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Carl Zimmer Carl Zimmer is the author of several popular science books and writes frequently for the New York Times, as well as for magazines including The New York Times Magazine, National Geographic, Science, Newsweek, Popular Science, and Discover, where he is a contributing editor. Carl's books include Soul Made Flesh,, Parasite Rex and Evolution: The Triumph of An Idea. His latest book is Smithsonian Intimate Guide to Human Origins. Please send newsworthy items or feedback to blog-at-carlzimmer.com.
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Recent Newspaper & Magazine Articles
."Children Learn by Monkey See, Monkey Do. Chimps Don' t "
The New York Times, December 13, 2005

."A Pair of Wings Took Evolving Insects on a Nonstop Flight to Domination "

The New York Times, November 29, 2005

."From the Mouths of Lizards Spew Clues to the Origin of Snake Venom "
The New York Times, November 22, 2005

."In Give and Take of Evolution, a Surprising Contribution From Islands"
The New York Times, November 22, 2005

."Down For the Count "
The New York Times, November 8, 2005

."The Neurobiology of the Self "
Scientific American, November 2005

."Can Chimps Talk? "
Forbes.com, October 24, 2005

."DNA Studies Suggest Emperor Is Most Ancient of Penguins "
The New York Times, October 11, 2005

."The History of Chromosomes May Shape the Future of Diseases "
The New York Times, August 30, 2005

."Building a Virtual Microbe, Gene by Gene by Gene "
The New York Times, August 16, 2005


Soul Made Flesh
A 2004 New York Times Notable Book of the Year

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"...among the joyous, heartless, ever-juvenile eternities, Pip saw the multitudinous, God-omnipresent, coral insects, that out of the firmament of waters, heaved the colossal orbs. He saw God's foot upon the treadle of the loom, and spoke it; and therefore his shipmates called him mad."
--Moby Dick


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Florida, Where The Living Is Contradictory

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The Loom
October 06, 2003
Dreams of a Eugenicist Planet?Email This EntryPrint This Entry
Posted by Carl Zimmer

Ask and ye shall receive. In a recent post on eugenics, I claimed that the connection between early 20th century genetics and early 21st century genetic engineering was weak. I asked if anyone thought I was wrong, and in no time I got a comment from Razib at Gene Expression.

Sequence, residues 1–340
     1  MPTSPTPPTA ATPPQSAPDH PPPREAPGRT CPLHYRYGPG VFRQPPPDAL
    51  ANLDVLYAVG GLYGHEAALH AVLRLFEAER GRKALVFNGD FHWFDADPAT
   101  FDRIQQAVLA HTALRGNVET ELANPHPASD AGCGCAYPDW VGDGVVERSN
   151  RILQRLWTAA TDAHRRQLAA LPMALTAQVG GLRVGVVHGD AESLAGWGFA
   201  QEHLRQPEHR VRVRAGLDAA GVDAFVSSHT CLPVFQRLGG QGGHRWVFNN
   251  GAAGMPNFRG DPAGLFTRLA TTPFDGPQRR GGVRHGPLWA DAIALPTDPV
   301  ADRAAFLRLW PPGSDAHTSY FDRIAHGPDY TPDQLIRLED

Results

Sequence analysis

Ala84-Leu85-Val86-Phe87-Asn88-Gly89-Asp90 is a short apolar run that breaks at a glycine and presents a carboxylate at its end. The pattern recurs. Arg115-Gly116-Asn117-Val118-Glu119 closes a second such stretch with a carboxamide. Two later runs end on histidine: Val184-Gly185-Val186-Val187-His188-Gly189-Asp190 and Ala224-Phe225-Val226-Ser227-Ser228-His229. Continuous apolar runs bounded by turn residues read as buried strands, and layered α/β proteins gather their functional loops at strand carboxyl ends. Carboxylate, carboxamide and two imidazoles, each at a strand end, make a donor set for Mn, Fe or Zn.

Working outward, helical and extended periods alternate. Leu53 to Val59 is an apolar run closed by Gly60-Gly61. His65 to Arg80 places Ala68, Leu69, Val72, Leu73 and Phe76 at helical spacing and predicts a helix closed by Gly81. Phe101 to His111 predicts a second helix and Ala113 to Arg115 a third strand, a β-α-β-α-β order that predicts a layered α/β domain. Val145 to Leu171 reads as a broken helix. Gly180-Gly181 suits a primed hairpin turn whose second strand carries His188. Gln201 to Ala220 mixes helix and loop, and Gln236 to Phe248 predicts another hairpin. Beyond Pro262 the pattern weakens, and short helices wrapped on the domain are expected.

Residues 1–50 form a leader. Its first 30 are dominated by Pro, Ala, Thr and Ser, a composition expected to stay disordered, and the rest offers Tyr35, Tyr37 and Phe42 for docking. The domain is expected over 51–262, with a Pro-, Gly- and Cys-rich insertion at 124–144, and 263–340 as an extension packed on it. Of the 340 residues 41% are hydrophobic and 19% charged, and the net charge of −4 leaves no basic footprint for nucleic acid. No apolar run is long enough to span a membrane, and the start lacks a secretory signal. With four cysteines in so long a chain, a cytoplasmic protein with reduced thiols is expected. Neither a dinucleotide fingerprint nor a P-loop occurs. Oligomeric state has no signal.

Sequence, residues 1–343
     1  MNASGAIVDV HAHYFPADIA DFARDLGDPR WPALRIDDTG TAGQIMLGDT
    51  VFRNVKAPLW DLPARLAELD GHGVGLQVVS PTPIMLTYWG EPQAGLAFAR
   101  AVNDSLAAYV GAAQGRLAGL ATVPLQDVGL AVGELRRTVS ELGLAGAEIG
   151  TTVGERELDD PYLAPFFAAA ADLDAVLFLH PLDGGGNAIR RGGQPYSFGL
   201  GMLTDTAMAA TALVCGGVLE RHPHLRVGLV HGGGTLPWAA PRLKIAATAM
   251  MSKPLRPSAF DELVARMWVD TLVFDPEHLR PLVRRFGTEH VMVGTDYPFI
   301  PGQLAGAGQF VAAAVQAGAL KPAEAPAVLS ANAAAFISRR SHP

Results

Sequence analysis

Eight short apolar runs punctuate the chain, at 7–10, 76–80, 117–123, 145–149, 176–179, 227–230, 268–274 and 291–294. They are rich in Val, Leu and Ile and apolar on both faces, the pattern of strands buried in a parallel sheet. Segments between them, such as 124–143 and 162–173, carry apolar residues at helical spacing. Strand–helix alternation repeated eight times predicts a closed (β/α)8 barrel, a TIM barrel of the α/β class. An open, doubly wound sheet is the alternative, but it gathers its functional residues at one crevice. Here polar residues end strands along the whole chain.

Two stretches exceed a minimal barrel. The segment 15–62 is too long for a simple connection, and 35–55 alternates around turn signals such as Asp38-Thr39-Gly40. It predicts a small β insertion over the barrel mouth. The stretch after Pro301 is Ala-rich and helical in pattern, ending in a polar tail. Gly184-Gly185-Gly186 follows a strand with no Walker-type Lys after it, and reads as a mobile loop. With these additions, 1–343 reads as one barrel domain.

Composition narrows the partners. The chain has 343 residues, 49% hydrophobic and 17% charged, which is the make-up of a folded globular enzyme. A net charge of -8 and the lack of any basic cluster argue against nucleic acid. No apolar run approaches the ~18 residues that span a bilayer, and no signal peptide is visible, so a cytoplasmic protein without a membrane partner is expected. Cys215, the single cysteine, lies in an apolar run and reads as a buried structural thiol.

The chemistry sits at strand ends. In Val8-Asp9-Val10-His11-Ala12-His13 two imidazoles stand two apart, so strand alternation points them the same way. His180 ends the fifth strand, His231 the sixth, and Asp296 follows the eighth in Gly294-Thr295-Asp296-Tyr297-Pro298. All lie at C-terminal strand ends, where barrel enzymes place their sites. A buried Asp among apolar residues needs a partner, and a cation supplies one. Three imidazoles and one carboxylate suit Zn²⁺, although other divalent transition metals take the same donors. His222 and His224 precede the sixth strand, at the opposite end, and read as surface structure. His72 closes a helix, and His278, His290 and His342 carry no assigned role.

He suggests that I'm limited by conventional preconceptions, taking issue on both my points--first about the prospects of engineering intelligence and second about the prospects of a new species of engineered humans. I think he's got a stronger argument on the first point than the second.

On the first point, Razib argues that it wouldn't be as hard as I think to engineer more intelligence. I said maybe thousands of genes would have to be tinkered with, and he pointed out that if individual genes typically accounting for around 1% of variation, then it shouldn't take thousands of genes to engineer significantly brighter people. OK--I'll give in on the thousands, although nobody can really say what the exact number is. But even with hundreds (or even dozens) of genes, you're still dealing with a level of complexity that dwarfs anything I've seen reported in this area, even in mice. And if I'm blindered by conventional preconceptions, then at least I'm in good company. Here's an essay Steven Pinker wrote last summer that lofts the same bucket of cold water.

On the second point--making a new species--Razib thinks that you could get enough barriers up around the new population of engineered humans to get speciation. He writes:

"...those barriers can be social, if some religious nutsos decided to create biphallic sons, there would be issues with these sons being able to get mates from the mono-phallic majority. Additionally, GE [genetic engineering] would by its very nature alter the ground rules for speciation as mutation in the context of genetic drift and natural selection plus physical barriers thrown up by geography, etc. might not be the only sources of reassortment & segregation of genes within a population...."

It's true that barriers can be social--songbirds develop new tunes that make them sexy only to certain females, for example. But you still need some serious isolation to get them singing a new song before you bring the new population back in touch with the old one. (Like putting them on another island for a while.) Otherwise, the differences just wash out. I suppose you can try to imagine some Dr. Moreau engineering men with twin-penises (along with bivaginal women, I guess?), but it just shows how far you have to go into X-Files territory to make an argument for speciation. Genetic engineering is certainly a form of mutation that the world has never really seen before. But that doesn't mean that it cancels all the rules about how new species form.

Category: Evolution


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